My sister is in a relationship. And it’s complicated. How do I know this? How else would I know? I saw it on Facebook. We have this kind of unspoken agreement. If I change my relationship status on Facebook, don’t ask me about it.
I also saw on Facebook that my friend who lives 3,000 miles away got a new puppy. When she was telling me about him chasing his own tail, I enthusiastically exclaimed, “Oh yeah, that was so cute! I saw the video on Facebook!” She was like, “Oh cool, you saw it,” but that led to kind of a weird awkward silence as she tried to think of something to tell me that I didn’t already know and as I tried to think of a question to ask that I didn’t already know the answer to. Finally I opted for just changing the subject and telling her about a car show I attended. Her reply? “Yeah, I saw the pics on Facebook.” Cue second awkward silence. I tried to rescue the conversation by asking how things were going with her boyfriend. “It’s complicated,” she answered. “Oh, right.” was all I could say.
While sometimes Facebook can seem like an awesome tool to keep me in touch with all my friends who live far away, sometimes it can also seem like it’s pushing me further away from them. Gone are the good old days when calling someone to catch up meant actually catching up on events that were going on in their lives, events that I would know nothing about until I actually picked up the phone and had a conversation with them. Gone are the days of hearing the joy in their voices as they relive the events in their minds, taking me through each detail as if I’m there with them too. Now their lives are being updated in real time, online, and if I want to know what’s going on with them, all I need to do is log on. It’s great to be able to see all the pictures and videos, but sometimes I wonder at what cost? Are we losing an essential part of friendship and the bonding that comes with that? Is something that we refer to as a “social” network eliminating the need to actually socialize?
Are we also losing perspective? Are we getting a one-sided overly optimistic portrayal of everyone’s lives? In this article (http://psychcentral.com/blog/archives/2014/03/14/how-social-media-affects-our-self-perception/) at Psych Central, Kelly Sunstrum talks about the pressure to portray the best image of ourselves on social media. It seems to me that with this constant pressure to portray perfection there is an underlying danger of people seeing those “perfect lives” online and feeling like no one can relate to their sadness or pain. People end up feeling like everyone else is obviously just having way too much fun to be able to understand what they are going through. So in this case, “social” media seems to actually disconnect people from the social connections and relationships they may have once turned to in times of trouble.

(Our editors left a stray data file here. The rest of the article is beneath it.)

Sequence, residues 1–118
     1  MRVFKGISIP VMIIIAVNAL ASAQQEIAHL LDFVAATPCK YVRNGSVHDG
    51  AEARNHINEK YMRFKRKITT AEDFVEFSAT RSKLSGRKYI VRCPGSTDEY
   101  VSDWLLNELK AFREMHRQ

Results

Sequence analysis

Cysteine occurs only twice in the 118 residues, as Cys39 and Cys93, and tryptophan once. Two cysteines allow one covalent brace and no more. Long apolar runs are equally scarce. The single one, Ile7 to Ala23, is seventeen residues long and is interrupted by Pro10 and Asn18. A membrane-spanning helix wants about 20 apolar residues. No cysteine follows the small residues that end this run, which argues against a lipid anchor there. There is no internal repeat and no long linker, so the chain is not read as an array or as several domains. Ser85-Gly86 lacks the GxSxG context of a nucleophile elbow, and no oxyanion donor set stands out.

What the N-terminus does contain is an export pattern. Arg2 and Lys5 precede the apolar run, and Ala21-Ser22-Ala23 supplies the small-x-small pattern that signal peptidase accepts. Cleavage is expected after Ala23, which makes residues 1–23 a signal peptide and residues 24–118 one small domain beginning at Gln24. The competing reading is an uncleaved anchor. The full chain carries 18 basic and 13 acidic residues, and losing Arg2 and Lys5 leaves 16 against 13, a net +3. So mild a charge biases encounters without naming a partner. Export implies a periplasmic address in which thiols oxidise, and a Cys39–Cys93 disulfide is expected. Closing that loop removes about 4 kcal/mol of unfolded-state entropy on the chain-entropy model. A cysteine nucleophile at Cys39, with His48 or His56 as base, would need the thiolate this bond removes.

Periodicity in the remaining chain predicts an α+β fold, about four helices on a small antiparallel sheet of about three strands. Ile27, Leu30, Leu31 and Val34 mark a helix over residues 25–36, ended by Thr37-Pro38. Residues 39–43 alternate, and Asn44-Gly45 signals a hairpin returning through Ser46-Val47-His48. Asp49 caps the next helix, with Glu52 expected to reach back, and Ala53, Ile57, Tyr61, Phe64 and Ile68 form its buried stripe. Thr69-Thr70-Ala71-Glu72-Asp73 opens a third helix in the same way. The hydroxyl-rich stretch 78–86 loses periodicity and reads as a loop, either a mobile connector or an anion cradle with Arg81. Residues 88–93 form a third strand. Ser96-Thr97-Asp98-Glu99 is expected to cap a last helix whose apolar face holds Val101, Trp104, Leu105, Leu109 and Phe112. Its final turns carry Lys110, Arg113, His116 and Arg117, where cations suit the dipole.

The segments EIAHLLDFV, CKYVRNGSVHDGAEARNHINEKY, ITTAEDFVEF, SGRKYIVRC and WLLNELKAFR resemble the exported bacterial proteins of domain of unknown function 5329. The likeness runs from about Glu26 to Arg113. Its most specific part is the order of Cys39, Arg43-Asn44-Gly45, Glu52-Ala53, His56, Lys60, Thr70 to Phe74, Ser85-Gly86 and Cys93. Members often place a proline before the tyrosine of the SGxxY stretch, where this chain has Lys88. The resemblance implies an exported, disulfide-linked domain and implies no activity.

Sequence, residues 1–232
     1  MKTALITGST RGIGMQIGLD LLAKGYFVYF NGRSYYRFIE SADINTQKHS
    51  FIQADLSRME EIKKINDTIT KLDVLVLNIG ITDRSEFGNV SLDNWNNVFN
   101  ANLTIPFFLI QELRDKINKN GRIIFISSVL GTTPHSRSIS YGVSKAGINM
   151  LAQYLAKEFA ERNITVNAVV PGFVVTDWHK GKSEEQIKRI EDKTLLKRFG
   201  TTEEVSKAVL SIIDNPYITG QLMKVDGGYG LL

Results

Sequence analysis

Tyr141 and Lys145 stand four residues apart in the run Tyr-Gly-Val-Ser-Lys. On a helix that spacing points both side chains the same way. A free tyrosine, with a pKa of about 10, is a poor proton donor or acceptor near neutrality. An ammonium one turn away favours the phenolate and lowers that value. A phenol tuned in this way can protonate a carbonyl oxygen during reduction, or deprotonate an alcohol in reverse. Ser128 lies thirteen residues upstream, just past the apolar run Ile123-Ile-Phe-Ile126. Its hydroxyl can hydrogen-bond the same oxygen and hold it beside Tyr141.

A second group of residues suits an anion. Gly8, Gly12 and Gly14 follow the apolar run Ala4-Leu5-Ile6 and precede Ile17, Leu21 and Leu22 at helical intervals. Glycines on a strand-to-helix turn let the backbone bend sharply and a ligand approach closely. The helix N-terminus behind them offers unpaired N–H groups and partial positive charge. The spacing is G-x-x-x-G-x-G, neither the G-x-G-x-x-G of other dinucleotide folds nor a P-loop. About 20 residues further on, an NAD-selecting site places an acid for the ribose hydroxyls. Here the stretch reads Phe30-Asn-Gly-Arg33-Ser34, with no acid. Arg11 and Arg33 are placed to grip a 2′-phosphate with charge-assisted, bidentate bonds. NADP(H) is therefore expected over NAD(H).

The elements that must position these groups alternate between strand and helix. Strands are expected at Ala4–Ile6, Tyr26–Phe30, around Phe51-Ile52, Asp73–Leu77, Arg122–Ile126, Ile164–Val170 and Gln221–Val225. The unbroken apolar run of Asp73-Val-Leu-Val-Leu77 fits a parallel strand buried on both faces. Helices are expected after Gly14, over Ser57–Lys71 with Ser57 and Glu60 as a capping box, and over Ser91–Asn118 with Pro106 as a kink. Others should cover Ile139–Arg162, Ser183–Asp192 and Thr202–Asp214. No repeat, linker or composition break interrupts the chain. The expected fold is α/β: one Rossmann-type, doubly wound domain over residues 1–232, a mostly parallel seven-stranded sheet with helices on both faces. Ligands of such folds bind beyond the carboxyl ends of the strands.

Social media can be antisocial in other ways too. I’m sure you’ve been out to dinner with your friends, or at a bar, or the beach, and while you’re interested in the actual activity you are doing and interested in having a lively and interactive discussion with your friends, half of them have their noses buried in their phones so they can be the first ones to post about their activity on Facebook. Or maybe you’ve even been the one with your nose buried in your phone instead of interacting with your friends. Seems pretty antisocial to me.
When I decided to take a break from Facebook, something interesting happened. I found myself actually paying attention to things I was doing. I was no longer worried about how to get the perfect picture that would look great on Facebook or whether or not I should check in at places. I was there, I was talking to my friends, I was enjoying what I was doing. I was actually present. This is a small thing that I used to take for granted, but somehow I had lost it along the way.
As others started to hear about my break from Facebook, they began to come forward with their own admissions of just feeling tired of Facebook, or even sometimes feeling bad because of it. I was fascinated and decided to find out more. That’s when I found out that according to The Journal of Social and Clinical Psychology, Facebook usage is actually linked to depression. Their article here (http://guilfordjournals.com/doi/abs/10.1521/jscp.2014.33.8.701) states that “…studies provide evidence that people feel depressed after spending a great deal of time on Facebook because they feel badly when comparing themselves to others.” It seems that yet another downfall of using Facebook is that when people go online and compare their mediocre and mundane lives to the highlight reels of the lives of others, they start to feel depressed, angry and jealous. They start to feel bad and wonder why their own lives are not as fascinating and exciting as the lives of others.
I’m not sure if this depression should be blamed on Facebook, because getting depressed at the happiness of your “friends” seems a bit like the behavior of a person who is already exhibiting some antisocial tendencies. However, no one can argue that the existence of Facebook isn’t helping the situation. If someone is feeling somewhat antisocial or suffering from depression, it seems that Facebook may be the last thing they need.
What about me? How do I personally feel about Facebook? I do enjoy the idea of keeping all of my friends in one place. I no longer have to keep track of address books because everyone is on Facebook. I’ve reconnected with old friends and wouldn’t have found them were it not for Facebook. But, yes, I do get tired of seeing what everyone is eating for breakfast and I want to have old-fashioned conversations with my friends.
So….In short, well, it’s complicated.